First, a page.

CRR: Given the lack of motor and speed confounds as well as the rapidly moving tests on the RIAS-2, which lowers attentional demands, RIAS-2 is a best choice for assessing the intelligence of brain injured patients--fewer confounds. This means that for the clinical neuropsychologist RIAS-2 provides the best estimate of the intactness of intelligence in the patient without all of the other confounds. This in turn provides a better baseline for looking at areas of specific impairment relative to intelligence as well as making plans for rehabilitation and independent living. Many of my neuropsychology colleagues have recognized this and have moved to make the RIAS and now RIAS-2 there "go to" measure of intelligence.
NAJP: What have been some of the challenges when developing the RIAS-2 regarding culture-fair issues?
CRR: Intelligence always is expressed in a context. Culture-fair tests are highly desirable, but there will always be limits on the generalizability of test results across cultures. Most if not all modern test developers seek to develop measures that have strong generalizability, especially for native born ethnic minorities. We expended a great deal of effort to do so on the RIAS-2 development team, and employed a variety of both qualitative and quantitative methods to ensure we have done the best we can do. That said, there are simply too many micro-cultures with in a country the size of the USA to make us successful for everyone.
Lastly, culture-fair is a moving target. Times change at an accelerating rate, and items that work well across cultures now may not 5 years from now, so we have to look at items that can also withstand the test of time, and while we have rules for making such decisions, ultimately these final decisions become subjective after all of the other quantitative eliminations have been made.
NAJP: What are the challenges when developing a valid and reliable cognitive assessment for the English Language Learner (ELL) and English as a second language (ESL) examinees?
CRR: The challenges here really surround educating test users about appropriate interpretations of test scores with ELL and ESL populations. Tests simply answer questions about the examinee. An intelligence test developed and normed in the USA in English can be useful but really cannot answer questions about intelligence very well with such populations. For example, with ELL and ESL examinees, a very useful question RIAS-2 can answer is "how well does this examinee think and problem solve in English?" And, we can monitor their progress in the development of English language problem-solving skills by readministering the test periodically, but I would not interpret such scores as reflecting the examinee's intelligence.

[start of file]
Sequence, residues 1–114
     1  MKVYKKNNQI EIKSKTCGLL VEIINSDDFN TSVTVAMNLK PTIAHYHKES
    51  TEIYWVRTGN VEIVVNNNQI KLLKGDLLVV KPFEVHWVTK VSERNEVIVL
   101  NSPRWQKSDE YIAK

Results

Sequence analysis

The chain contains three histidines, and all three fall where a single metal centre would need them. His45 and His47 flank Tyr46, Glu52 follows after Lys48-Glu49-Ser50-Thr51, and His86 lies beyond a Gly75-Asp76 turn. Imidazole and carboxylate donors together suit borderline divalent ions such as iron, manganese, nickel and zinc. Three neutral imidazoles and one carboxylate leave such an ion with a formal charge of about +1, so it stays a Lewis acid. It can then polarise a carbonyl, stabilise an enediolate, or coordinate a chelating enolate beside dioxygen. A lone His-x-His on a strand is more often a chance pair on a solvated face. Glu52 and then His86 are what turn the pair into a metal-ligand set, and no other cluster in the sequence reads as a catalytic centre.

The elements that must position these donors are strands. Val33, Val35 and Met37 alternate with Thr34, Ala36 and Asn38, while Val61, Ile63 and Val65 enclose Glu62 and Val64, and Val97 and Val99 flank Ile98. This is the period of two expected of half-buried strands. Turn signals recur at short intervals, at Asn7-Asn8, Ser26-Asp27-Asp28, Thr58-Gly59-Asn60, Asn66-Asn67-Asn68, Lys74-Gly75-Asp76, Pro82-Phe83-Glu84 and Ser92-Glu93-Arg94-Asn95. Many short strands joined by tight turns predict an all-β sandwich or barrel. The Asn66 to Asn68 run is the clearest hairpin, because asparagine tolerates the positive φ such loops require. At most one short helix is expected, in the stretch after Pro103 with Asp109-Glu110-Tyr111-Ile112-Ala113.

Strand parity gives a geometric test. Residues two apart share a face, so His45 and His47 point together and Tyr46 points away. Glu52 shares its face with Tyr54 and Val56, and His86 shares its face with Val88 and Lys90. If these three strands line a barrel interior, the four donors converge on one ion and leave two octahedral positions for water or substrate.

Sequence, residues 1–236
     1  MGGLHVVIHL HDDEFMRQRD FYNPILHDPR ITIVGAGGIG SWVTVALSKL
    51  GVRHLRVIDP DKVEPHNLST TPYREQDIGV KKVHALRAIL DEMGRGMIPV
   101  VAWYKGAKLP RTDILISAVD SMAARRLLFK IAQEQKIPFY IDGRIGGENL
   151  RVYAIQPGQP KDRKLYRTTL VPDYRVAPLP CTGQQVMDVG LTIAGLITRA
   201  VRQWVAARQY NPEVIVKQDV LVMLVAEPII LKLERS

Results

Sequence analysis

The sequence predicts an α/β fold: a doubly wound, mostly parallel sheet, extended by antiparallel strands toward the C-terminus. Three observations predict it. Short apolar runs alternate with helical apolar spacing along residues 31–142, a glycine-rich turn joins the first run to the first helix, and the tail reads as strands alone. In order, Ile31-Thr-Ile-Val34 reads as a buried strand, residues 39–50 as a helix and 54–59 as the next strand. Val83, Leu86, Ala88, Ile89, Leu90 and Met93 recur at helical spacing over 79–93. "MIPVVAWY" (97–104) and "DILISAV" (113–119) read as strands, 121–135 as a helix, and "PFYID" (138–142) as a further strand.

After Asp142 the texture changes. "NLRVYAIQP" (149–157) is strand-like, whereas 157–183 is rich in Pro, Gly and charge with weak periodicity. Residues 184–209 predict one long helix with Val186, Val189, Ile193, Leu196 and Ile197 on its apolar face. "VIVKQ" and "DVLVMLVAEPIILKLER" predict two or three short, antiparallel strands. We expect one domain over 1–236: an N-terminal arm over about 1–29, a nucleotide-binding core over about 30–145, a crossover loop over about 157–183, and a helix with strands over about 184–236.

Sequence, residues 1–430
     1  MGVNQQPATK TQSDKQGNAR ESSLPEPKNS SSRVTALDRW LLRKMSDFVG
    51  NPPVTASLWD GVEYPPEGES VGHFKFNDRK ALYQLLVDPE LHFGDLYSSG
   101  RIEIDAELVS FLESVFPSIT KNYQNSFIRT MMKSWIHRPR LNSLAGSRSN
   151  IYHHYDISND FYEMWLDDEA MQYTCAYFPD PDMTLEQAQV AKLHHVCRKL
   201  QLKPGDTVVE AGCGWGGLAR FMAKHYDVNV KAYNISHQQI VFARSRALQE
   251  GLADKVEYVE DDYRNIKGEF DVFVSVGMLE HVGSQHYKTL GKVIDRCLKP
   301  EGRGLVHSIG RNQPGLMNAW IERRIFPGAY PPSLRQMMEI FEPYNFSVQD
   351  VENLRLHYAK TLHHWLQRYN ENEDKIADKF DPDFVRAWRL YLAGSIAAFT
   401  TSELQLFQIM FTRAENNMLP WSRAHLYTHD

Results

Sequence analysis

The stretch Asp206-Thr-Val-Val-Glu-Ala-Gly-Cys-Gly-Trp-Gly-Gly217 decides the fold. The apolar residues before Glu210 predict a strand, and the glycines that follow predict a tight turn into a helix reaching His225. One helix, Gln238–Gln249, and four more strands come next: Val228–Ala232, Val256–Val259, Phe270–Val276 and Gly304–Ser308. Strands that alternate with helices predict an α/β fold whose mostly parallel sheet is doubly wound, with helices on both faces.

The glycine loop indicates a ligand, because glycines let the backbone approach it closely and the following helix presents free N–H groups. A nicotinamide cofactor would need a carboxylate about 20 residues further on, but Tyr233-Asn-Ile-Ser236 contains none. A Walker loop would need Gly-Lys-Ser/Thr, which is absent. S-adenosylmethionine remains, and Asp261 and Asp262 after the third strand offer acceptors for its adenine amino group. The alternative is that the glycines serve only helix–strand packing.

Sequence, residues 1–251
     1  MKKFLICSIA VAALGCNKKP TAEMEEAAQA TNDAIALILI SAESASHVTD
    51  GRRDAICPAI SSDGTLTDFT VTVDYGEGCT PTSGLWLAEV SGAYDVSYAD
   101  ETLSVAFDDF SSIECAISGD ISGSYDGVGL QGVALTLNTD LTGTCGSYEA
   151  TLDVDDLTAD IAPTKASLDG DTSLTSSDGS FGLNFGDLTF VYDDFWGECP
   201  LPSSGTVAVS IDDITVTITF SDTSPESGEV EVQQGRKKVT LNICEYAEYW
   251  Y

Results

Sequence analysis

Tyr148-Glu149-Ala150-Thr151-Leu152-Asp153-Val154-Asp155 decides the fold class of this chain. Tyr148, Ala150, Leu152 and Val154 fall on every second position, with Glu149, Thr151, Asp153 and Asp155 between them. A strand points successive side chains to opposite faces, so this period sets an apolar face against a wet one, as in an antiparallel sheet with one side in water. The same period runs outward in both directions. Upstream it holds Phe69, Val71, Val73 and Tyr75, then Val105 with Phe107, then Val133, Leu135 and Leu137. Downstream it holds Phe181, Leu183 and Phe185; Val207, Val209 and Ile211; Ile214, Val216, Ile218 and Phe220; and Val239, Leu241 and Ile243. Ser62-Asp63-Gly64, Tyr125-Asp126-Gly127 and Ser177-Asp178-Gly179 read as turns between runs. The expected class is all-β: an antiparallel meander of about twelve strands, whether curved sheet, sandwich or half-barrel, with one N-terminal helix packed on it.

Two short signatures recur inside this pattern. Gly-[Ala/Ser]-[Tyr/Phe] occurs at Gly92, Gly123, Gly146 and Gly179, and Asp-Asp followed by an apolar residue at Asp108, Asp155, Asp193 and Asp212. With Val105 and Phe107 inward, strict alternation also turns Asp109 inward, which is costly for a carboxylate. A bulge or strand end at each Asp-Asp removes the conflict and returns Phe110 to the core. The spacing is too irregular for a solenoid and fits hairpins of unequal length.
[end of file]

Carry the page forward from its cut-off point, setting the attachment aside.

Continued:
Assessing the intelligence of such populations is very complex without instruments developed and normed for their native language and culture. Furthermore, a test that might be appropriate for making such an assessment for a native Spanish speaker from Spain versus Mexico could be quite different as would tests for measuring the intelligence of native speakers of Farsi, French, Tagalog, Afo, Hindi, Russian, or Bengali, all of which are spoken in various communities in the USA and which typically have specific acculturation factors associated with them as well.
NAJP: Something that some individuals may find of interest is the Reynolds Adaptable Intelligence Test (RAIT,2012), which can be administered completely via computer or in an individual or group administration format using booklets and answer sheets. Can you tell us about this measure?
CRR: The RAIT is an intelligence test designed for group or individual administration via paper and pencil booklets or online. It contains subtests that assess:
1) Crystallized intelligence (Crystallized Intelligence Index, CII).
2) Fluid intelligence (Fluid Intelligence Index or FII).
3) Quantitative aptitude or intelligence (Quantitative Intelligence Index or QII).
The RAIT also yields a Total Intelligence Index (CII+FII+TII) and a Total Battery Intelligence Index (CII+FII+QII=TBII). Unlike many tests available in dual formats, the paper and pencil and online versions are fully equated. The full battery requires a total testing time of 50 minutes, but examiners can choose to administer fewer than seven subtests.
RAIT provides a comprehensive assessment of intelligence that is flexible and efficacious with tasks formatted and equated for individual, group, paper and pencil, and computerized administration. It provides a rapid, reliable assessment of g along with crystallized and fluid intelligence while offering the option of a quantitative intelligence component to add to comprehensiveness and academic relevance. Tasks of the QII can be included as a separate score or as a component of a Total Battery Intelligence Index (TBII).
Its use has been growing in juvenile facilities and in the adult prison environment, but recently clinical practitioners have begun to pay more attention to the RAIT since it can be used to assess intelligence in a comprehensive manner without the use of the clinician's time for administration when the computer-administered option is chosen.
Reynolds, C. R. (2012). Reynolds Adaptable Intelligence Test. Lutz, FL: PAR.
Reynolds, C. R., & Kamphaus, R. W. (2015). Reynolds Intellectual Assessment Scale (2nd ed.). Lutz, FL: PAR.
Cecil R. Reynolds
Texas A & M University
(Interviewed on behalf of NAJP by)
Michael F. Shaughnessy & Dan Greathouse
Eastern New Mexico University
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|Title Annotation:||Reynolds Intellectual Assessment Scales|
|Author:||Reynolds, Cecil R.|
|Publication:||North American Journal of Psychology|
|Date:||Mar 1, 2019|